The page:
UK inflation rate rose sharply to 2.5% in June
The inflation rate in the UK rose to 2.5% in June, far exceeding expectations, increasing the pressure on the Bank of England and requiring it to pay more attention to rising prices.
The Office of National Statistics said that the general rise last month challenged the Bank of England’s view that any increase in inflation above its 2% target will be “temporary”.
The inflation rate was higher than expected for the third consecutive month — climbing from 0.4% in February — indicating that companies have responded to the relaxation of coronavirus restrictions in an effort to build profit margins.
Economists had expected the inflation rate to rise to 2.2% from 2.1% in May. The National Bureau of Statistics of the United Kingdom stated that the consumer price index for most goods and services has risen sharply, with prices rising by 0.5% in June alone.
Jonathan Athow, deputy national statistician at the National Bureau of Statistics of the United Kingdom, said: “The increase is common, for example from rising food and used car prices, and reportedly increased demand.”
Measured by the consumer price index, UK inflation in June was at its highest level since August 2018.
The Bank of England predicts that the inflation rate will reach a peak of around 3% in late 2021. After the rapid price increase in the second quarter, autumn prices will rise further because of the temporary abolition of the low value-added tax rate for the hotel industry.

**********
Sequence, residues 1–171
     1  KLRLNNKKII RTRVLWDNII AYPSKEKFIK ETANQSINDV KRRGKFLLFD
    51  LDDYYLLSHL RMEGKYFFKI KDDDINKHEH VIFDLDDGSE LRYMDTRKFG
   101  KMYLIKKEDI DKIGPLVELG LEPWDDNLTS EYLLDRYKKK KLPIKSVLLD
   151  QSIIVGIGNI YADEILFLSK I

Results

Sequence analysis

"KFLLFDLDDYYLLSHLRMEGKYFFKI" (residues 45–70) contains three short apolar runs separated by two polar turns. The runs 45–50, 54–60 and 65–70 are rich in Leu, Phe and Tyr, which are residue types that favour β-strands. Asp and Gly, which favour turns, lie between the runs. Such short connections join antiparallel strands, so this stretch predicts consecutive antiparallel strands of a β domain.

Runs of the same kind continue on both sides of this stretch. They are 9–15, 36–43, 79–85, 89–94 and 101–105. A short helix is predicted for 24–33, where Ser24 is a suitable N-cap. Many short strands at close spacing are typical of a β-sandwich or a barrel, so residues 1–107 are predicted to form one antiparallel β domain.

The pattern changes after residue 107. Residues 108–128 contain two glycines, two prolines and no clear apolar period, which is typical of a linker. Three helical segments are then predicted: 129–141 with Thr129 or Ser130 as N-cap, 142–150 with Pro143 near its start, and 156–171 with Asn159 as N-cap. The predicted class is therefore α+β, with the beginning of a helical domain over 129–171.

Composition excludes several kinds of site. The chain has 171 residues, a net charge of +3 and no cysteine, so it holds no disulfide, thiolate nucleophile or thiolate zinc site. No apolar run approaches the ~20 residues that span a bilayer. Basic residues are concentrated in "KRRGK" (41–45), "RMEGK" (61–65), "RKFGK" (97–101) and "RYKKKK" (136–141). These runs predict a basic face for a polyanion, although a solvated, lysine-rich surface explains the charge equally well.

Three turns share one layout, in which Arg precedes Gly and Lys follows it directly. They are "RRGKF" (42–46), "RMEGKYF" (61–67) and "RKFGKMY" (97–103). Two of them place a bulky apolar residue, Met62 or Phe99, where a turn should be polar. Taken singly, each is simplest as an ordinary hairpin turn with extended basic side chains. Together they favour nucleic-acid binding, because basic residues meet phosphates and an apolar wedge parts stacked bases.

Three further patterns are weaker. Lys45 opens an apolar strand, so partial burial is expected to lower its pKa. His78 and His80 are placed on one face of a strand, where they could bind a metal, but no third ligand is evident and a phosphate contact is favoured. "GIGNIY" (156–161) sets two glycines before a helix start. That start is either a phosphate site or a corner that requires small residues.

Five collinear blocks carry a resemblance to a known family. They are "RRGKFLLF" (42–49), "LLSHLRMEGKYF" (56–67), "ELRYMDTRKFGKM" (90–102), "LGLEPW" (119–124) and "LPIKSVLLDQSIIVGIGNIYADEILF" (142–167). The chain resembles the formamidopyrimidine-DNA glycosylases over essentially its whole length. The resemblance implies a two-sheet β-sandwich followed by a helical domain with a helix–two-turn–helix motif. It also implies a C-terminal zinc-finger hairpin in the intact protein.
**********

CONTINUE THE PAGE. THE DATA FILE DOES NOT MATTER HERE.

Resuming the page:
These increases will put pressure on the Bank of England’s view that the price spike is temporary.
Capital Economics chief British economist Paul Dales (Paul Dales) said that if prices simply return to normal after the pandemic, the price increase will be even greater. He said this “means that real price inflation is also happening.”
Dales added that inflation may increase to 4% by the end of this year, but he also agrees that inflation may slow in 2022, which allows the Bank of England to keep tightening during a disturbing period and adopt an unusually loose currency. policy.
Used car prices are listed by the UK’s National Bureau of Statistics as a driving factor for this year’s inflation. Just like in the United States, buyers seek used cars as a substitute for new cars, and car production has been hit hard. Global semiconductor shortage.
The National Bureau of Statistics of the United Kingdom said that some price increases have temporary factors, such as the increase in gas station costs related to the increase in commodity prices, and some prices have returned to normal levels after temporary price cuts during the pandemic.
Although most economists believe that the Bank of England will be tough to deal with rising inflation, James Sproule, chief economist at Handelsbanken in the United Kingdom, said that the Bank of England’s Monetary Policy Committee should consider how stubborn it is to underestimate the increase in inflation this year.
“It is important to remember that just in February of this year, the annual inflation rate was 0.4%, and there were discussions about negative interest rates-all this is long gone and forgotten,” Sproule said, adding that the MPC needs to pay more attention to rising inflation .
He added: “At least this fall should be considered starting to withdraw from the quantitative easing program, and the diversity of opinions on the Monetary Policy Committee needs to be preserved.”